As dining hall food becomes monotonous and I search for new Bloomington restaurants to try, my mind lingers on one thing. For some, going home for breaks is marked by homemade meals or time spent with family. While these things are undoubtedly important to me, the thing most reminiscent of home for me is the pairing of McDonald’s fries with an Oreo McFlurry.
This meal isn’t particularly filling, nor could it be described as healthy. In fact, McDonald’s is far from my favorite fast food place just based on its menu offerings. But my fries and McFlurry tradition is without a doubt my guilt-free pleasure. It started when I was first able to drive, and the excitement of my freedom was novel and cherished. It may have taken a couple tries to perfect the order, but I quickly realized the reliability and complementary nature of the combination.
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The salty, hot crispiness of the fries dipped in a thick and creamy McFlurry is a taste reserved for going through the drive thru with my best friend and talking for hours in the parking lot. We take turns covering the bill, but the familiar comfort of the tradition is priceless for me.
As an out-of-state student with no car, I have yet to try McDonald’s — much less this sacred duo — in the state of Indiana. Maybe I will keep it that way for the next few years that I am here. To me, fries and a McFlurry should be consumed after 9 p.m., in the car with a best friend or a few, sitting in the parking lot of my old high school.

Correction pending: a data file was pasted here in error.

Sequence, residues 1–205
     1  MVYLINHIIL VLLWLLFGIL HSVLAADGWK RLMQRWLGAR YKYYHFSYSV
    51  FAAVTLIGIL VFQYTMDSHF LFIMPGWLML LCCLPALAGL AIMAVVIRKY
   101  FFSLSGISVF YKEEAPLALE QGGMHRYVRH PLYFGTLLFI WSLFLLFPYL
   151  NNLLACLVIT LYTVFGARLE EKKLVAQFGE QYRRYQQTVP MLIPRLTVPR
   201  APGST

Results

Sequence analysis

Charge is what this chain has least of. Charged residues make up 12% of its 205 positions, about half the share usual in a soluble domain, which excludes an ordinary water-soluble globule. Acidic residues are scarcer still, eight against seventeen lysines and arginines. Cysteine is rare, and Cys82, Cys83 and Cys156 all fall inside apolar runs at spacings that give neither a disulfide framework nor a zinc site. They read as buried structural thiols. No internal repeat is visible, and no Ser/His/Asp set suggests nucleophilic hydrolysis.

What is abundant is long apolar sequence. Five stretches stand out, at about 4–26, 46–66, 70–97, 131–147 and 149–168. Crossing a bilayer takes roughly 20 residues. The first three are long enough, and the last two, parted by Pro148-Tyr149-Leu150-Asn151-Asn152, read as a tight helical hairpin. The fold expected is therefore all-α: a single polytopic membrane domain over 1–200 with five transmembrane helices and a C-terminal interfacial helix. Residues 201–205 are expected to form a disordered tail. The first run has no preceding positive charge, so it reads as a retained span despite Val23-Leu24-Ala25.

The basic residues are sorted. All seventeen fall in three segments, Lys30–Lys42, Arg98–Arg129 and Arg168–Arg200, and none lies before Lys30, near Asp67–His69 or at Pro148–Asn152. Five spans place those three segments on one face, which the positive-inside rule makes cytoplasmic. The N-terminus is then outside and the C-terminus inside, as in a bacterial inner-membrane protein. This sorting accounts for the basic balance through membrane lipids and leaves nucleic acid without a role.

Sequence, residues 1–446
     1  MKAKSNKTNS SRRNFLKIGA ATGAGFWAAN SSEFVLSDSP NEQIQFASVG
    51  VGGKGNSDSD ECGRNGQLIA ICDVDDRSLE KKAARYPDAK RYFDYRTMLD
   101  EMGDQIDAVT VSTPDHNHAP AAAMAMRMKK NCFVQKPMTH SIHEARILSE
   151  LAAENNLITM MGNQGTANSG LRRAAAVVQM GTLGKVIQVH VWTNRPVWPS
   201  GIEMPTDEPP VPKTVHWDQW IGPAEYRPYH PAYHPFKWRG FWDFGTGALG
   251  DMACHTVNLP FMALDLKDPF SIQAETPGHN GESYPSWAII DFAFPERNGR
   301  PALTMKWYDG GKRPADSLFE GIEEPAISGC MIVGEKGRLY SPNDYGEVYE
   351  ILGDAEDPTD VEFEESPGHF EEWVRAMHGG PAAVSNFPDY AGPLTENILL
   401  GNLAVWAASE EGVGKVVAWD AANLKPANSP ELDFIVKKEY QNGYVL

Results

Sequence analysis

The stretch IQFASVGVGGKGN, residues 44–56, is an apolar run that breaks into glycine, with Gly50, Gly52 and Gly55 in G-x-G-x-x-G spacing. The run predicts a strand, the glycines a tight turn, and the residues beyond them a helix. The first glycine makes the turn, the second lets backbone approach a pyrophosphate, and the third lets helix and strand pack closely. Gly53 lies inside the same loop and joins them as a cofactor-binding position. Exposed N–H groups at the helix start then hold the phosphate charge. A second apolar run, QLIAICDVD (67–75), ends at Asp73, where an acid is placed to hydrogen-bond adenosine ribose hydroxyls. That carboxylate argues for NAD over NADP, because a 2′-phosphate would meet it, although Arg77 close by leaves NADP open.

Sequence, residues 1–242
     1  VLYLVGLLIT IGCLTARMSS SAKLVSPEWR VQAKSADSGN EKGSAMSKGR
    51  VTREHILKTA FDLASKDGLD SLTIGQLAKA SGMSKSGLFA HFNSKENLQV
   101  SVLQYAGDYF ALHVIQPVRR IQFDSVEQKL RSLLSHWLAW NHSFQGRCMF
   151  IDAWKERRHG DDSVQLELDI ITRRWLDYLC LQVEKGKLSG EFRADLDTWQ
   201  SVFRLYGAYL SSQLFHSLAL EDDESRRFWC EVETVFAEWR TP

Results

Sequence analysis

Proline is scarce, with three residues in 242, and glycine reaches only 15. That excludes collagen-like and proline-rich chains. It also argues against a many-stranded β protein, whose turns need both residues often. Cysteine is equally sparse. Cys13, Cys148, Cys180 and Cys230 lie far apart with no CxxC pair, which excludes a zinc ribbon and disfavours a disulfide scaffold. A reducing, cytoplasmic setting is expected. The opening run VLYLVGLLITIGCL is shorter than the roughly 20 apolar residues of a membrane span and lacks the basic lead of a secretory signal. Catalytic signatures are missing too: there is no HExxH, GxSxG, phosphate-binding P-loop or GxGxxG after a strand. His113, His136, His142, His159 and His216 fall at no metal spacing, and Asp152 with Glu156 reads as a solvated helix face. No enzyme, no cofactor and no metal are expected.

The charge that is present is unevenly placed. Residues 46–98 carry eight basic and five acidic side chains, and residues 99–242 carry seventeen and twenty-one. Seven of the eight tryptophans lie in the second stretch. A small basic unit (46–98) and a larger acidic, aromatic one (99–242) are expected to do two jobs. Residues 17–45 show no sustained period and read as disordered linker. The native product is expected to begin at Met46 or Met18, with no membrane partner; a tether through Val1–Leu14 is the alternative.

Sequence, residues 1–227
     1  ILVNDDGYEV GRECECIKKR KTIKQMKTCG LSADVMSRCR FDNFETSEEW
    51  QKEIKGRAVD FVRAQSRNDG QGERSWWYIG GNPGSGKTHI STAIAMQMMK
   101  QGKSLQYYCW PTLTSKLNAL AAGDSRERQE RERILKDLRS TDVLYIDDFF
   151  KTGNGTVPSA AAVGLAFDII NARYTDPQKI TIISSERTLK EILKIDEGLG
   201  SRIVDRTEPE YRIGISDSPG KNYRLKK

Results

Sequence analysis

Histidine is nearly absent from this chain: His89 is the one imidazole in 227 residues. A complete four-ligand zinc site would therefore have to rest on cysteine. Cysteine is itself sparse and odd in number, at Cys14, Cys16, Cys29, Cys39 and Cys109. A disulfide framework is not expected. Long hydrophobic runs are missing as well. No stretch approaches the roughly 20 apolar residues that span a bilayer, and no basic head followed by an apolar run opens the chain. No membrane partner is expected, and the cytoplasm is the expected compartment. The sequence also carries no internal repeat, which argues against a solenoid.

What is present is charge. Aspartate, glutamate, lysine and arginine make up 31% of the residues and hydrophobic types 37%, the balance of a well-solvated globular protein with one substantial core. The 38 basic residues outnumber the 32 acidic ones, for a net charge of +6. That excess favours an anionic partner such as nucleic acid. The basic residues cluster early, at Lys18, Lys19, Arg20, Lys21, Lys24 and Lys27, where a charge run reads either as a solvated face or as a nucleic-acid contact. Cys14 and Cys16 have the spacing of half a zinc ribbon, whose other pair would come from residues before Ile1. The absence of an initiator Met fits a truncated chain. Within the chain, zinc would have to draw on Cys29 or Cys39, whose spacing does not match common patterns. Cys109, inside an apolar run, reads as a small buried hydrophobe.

It clearly isn’t a glamorous scene — but there is something sacred about the interior of my car filled with the greasy smell of hot fries and laughter over gossip and stories. The McDonald’s ritual is one for debriefing, getting something sweet after dinner or preparing to say goodbye until the next break. The only thing that could ruin it is a broken ice cream machine.
Even as my and my hometown friends’ lives change as we transition into adulthood, I suspect this tradition will be one of the things to keep us tied to each other. Maybe our conversations will shift from high school crushes to grown-up job opportunities — but I hope they always happen over fries and McFlurries.